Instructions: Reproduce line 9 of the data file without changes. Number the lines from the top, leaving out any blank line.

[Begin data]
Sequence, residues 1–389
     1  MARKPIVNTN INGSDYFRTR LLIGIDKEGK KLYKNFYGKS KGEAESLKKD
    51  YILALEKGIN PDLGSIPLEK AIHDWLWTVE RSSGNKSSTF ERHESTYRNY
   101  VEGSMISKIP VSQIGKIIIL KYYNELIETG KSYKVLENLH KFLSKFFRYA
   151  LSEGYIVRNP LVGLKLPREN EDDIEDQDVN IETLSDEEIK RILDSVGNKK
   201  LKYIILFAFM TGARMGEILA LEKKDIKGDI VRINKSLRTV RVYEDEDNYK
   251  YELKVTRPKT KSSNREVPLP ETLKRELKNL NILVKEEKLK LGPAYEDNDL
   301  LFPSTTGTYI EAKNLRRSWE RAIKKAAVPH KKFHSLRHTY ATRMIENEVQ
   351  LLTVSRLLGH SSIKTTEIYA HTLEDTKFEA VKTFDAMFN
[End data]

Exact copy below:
   351  LLTVSRLLGH SSIKTTEIYA HTLEDTKFEA VKTFDAMFN